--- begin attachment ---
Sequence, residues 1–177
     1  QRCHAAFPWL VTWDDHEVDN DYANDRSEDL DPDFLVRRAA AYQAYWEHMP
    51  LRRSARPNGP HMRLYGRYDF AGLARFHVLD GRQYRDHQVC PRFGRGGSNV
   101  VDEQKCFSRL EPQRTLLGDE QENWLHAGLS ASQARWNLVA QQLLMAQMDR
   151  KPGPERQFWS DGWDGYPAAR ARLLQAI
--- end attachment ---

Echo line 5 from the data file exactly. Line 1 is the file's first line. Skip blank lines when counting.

   151  KPGPERQFWS DGWDGYPAAR ARLLQAI